There is an airport with almost daily flights from/to Casablanca and a, recently introduced, regular flight to Las Palmas, Gran Canaria.
Supratours and CTM buses run to and from Agadir (c. 20 hours, MAD350). Supratours has two buses per day, while CTM has one. Be prepared for countless checkpoints along the way.
There is only one road running south from Laayoune, Dakhla is well signposted.
The city centre is small enough to navigate on foot. The zone between Boulevard. Mohammed V, rue 4 mars and Boulevard Oued el Makhazine is mainly a pedestrian area with lots of cafés and street shops that gets quite animated in the evenings. Should you want to head further out, petits taxis are abound and are metered.
Many western tourists come to Dakhla to go kite surfing. There are a number of so called camps (actually bungalow hotels) on the northern edge of the lagoon, about 30km out of town. Standards are rather high, as are prices. If you are interested, you can find enough information about them with internet research. There are also windsurfing and quad driving opportunities. Most of the camps work with pre-booked tourists and have no office in the town centre so, if you come without arranging in advance, you will have to drive out with a rented car or a taxi. There is a kite shop next to the Supratours office at the waterfront that can be helpful.
Groceries: there is a small indoor market in the town centre on "rue el makouama" (on the left coming from the lagoon side) and also a supermarket on the same road (on the right).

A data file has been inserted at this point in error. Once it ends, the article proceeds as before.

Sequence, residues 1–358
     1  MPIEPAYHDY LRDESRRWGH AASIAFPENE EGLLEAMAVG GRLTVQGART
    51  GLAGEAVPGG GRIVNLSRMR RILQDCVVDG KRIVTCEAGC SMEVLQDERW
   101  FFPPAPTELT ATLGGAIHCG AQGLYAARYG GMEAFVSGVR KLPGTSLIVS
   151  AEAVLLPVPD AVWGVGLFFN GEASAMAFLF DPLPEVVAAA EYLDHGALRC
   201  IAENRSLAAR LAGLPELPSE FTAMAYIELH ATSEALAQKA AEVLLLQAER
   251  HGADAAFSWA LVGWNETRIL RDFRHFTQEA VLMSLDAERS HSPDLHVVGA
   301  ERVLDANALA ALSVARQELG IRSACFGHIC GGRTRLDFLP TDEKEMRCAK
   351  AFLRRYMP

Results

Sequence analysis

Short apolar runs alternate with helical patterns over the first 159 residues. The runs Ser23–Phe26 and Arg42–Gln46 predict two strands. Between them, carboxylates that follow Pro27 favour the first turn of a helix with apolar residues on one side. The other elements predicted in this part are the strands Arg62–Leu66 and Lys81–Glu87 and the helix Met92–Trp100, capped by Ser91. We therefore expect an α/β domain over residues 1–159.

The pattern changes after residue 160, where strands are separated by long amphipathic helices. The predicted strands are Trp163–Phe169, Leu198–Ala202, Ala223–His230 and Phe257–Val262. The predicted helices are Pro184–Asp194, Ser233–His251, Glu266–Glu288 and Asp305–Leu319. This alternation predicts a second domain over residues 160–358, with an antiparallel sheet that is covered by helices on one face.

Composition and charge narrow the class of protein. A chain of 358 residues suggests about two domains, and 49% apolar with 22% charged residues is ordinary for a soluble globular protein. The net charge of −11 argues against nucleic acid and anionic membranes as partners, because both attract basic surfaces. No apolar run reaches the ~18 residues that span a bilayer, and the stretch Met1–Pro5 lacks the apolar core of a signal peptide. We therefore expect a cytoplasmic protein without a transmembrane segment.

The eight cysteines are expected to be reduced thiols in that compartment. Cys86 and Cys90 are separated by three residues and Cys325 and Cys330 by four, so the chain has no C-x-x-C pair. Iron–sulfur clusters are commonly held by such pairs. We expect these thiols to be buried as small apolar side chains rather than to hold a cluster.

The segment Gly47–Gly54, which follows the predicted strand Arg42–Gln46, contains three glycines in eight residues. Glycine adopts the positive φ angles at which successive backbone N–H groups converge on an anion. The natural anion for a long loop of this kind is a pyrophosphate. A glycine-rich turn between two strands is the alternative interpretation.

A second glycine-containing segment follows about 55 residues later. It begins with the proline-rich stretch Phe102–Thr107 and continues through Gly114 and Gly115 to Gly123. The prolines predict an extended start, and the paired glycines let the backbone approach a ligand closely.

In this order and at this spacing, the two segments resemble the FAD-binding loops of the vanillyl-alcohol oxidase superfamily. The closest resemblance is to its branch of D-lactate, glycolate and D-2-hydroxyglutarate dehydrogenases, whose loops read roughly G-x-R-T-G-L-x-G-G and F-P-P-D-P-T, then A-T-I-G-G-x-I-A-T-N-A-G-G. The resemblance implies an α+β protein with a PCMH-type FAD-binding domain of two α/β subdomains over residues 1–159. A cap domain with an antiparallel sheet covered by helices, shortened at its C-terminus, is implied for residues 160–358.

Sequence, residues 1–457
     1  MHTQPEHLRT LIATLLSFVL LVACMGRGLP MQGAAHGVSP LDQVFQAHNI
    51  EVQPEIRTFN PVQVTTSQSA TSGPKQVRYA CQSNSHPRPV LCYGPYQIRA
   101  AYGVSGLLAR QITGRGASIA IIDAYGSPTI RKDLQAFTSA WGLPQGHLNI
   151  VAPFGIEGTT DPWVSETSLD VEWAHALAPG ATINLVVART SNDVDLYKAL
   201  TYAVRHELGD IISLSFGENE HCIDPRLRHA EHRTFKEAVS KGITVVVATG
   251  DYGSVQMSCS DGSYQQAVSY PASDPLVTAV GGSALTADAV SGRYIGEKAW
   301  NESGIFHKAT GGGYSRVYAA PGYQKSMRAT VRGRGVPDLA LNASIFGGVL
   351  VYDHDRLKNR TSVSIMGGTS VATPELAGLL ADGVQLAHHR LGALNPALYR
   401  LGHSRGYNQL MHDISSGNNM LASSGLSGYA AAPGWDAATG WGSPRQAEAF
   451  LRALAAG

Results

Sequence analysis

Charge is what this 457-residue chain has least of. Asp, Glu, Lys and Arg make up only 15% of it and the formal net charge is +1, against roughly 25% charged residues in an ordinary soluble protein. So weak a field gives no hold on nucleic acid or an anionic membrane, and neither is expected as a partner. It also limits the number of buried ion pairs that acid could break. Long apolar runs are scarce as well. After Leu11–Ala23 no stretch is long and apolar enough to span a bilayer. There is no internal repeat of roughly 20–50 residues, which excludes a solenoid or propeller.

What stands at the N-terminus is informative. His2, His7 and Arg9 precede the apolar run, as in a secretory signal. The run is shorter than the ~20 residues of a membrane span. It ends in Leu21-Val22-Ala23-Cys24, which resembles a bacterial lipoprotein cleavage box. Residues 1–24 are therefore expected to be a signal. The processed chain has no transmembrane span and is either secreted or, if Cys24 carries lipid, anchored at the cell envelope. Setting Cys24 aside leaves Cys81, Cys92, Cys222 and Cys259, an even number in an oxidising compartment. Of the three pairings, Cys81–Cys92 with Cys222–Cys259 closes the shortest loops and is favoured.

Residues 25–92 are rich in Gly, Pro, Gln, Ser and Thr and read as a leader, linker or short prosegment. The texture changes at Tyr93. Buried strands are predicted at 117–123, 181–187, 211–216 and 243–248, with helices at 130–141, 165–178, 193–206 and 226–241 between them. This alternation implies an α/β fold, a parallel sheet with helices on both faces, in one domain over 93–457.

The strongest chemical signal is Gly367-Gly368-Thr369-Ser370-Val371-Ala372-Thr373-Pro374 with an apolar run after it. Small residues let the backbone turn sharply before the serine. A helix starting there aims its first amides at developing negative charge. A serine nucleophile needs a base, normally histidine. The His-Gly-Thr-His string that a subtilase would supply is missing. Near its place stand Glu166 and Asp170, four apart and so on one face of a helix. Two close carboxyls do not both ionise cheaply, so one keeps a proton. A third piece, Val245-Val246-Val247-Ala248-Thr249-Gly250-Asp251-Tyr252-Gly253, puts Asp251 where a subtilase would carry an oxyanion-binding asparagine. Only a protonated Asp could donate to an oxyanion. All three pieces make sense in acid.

There is a big indoor market with lots of fish stands south west of the town centre. Local Sahara Jellabah
Many patisseries offer cheap pastry. The restaurant at Sahara Regency hotel has decent European food, though the choice is limited. There are also numerous eateries in town.
There are plenty of budget hotels clustered around the city centre. Just go from hotel to hotel and ask for prices and to see the room. Most only have twin rooms and you will pay almost the same price if you are alone. Prices start at MAD60 for a room with shared toilet and bathroom. Prices, as always, are negotiable.
There are a few camping spots by the road to the north of Dakhla. Camping Moussafir is a popular spot with overlanders, and is located just south of the first checkpoint out of town.
Ticket for any bus heading north can be bought at the corresponding agency, they all have offices around the town centre (Satas is a bit further south).
South to Mauritania
Supratours runs a nightly bus south to the Mauritania border. The bus leaves from the waterfront office at 23:59 and costs MAD150, arriving at the frontier at 05:30. At the border you have to arrange a lift through the No Man's Land as it is not permitted to walk through.
The easiest possibility is to go early in the morning to hotel sahara (06:30-07:00 should be fine) and ask around as Mauritanian drivers wait there for passengers. The price per seat in a normal car (with 3-4 passengers) is about MAD300 to Nouadhibou. You might also want to ask around hotel Sahara the evening before.
Finding a lift is usually not a problem. You can try to get a lift from overlanders (ask around at Camping Moussafir) or catch a ride with the Mauritanian traders, who gather on a lot opposite from the first police checkpoint north of Dakhla (take a petit taxi to get there for about MAD15-20, or walk the 7km).
Be prepared to spend several hours on both sides of the border. For the road prepare plenty of copies of your passport to hand over at the checkpoints on both sides. The Mauritanian visa must be obtained beforehand (the easiest way is to obtain it in your home country). Be sure to check the current situation beforehand.